From April 30 to May 3, the Coalition against Typhoid (CaT) Secretariat, with coordination and support from PT Bio Farma, convened nearly 250 participants from 36 countries for the 9th International Conference on Typhoid and Invasive Non-Typhoidal Salmonella (iNTS) Disease. This four-day event, held in Bali, Indonesia, was the largest conference in CaT’s history.

Throughout the conference, prominent clinicians, scientists, policy makers and public health practitioners shared new research and pathways forward for typhoid and iNTS control. The conference’s lively panel discussions and presentations shed light on the global progress towards alleviating the needless suffering caused by these diseases.

Typhoid, a severely under-prioritized public health problem, impacts an estimated 21 million people every year, causing more than 216,000 deaths annually — predominantly among children younger than 15 years of age. However, recent progress in vaccine development, technology transfer and disease surveillance is bringing the world several steps closer to typhoid control.

The conference began with a welcome reception, featuring opening remarks from Brian Davis, Chief Operating Officer of the Sabin Vaccine Institute;  Dr. Anita Zaidi, Director of the Enteric and Diarrheal Diseases program at the Bill & Melinda Gates Foundation; and Dr. Pretty Mulihartina, Director of the Center for Biomedical Technology of Health, NIHRD in Indonesia. Each speaker highlighted the tremendous burden that typhoid and iNTS disease place on communities and families, while providing insight into the promising new research and development being carried forward by many of the conference’s participants.

The welcome reception was followed by three days of discussions and presentations focused on topics such as global disease burden; risk factors for typhoid, paratyphoid, and iNTS disease; disease modelling; water, hygiene, and sanitation (WASH) interventions; antimicrobial resistance; genomics; vaccine implementation strategies; and vaccine development.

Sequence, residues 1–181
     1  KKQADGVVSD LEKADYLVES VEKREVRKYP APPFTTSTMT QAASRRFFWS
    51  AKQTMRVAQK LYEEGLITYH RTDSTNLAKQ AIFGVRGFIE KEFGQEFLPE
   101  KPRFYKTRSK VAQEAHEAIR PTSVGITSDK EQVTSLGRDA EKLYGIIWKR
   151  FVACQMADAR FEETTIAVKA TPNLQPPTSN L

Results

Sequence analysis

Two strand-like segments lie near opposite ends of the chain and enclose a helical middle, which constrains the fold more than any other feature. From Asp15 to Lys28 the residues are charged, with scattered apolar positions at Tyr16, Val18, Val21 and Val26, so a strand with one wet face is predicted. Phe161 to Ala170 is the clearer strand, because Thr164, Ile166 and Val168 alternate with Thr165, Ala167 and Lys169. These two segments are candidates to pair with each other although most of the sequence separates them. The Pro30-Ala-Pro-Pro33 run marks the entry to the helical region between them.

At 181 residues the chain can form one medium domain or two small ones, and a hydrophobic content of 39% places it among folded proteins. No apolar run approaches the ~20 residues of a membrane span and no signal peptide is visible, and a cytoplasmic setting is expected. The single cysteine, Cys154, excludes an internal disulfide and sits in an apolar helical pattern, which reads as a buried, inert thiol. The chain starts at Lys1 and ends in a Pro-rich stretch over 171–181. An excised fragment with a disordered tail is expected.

Since the Coalition against Typhoid’s last international conference, key milestones have been achieved towards developing typhoid conjugate vaccines. While Vi polysaccharide vaccines exist for typhoid, these vaccines are not effective in young children. However, new conjugate vaccines can be used in infants starting at six months of age – and they also offer a longer duration of protection. Throughout the conference, presenters from various vaccine manufacturing companies, Gavi, the World Health Organization (WHO) and more provided new information on progress towards developing conjugate vaccines, and highlighted what is required to eventually introduce these vaccines into a country’s national immunization schedule.

Key milestones have also been achieved towards understanding the typhoid and iNTS disease burden. A number of panelists and presenters shared data and research collected from novel surveillance projects in Southeast Asia and Africa.  This data is helping the typhoid community better understand who is most affected by typhoid, and where.

The conference also brought to light the emerging incidence of iNTS disease in Africa. For the first time in the conference’s history, a number of presentations were devoted to better understanding the burden of iNTS disease, and what needs to be done to address it. Panel members discussed the need for improved understanding of the epidemiology of iNTS disease in Africa, as there is little knowledge of disease transmission. Until modes of transmission are clearly understood, it will be challenging to design non-vaccine intervention strategies.

The conference closed with a call to action from Dr. Zulfiqar Bhutta from the Hospital for Sick Children. He noted that the Coalition against Typhoid has “come of age” and shown that there is power in collaboration across various areas of typhoid research.

Echoing the views of several other speakers, Dr. Bhutta emphasized the need for increased typhoid and iNTS advocacy activity by Coalition members. He also stressed the need for “champions” in endemic countries that can rally support for prevention and control measures. Additionally, it will be crucial to involve policymakers in future Coalition meetings and activities.

To view the conference program and presentations, click here.

To view new journal articles highlighting strategies on typhoid vaccine use, new diagnostic tools, invasive non-typhoidal salmonella, and more in the recently release Vaccine journal supplement coordinated by the CaT Secretariat, click here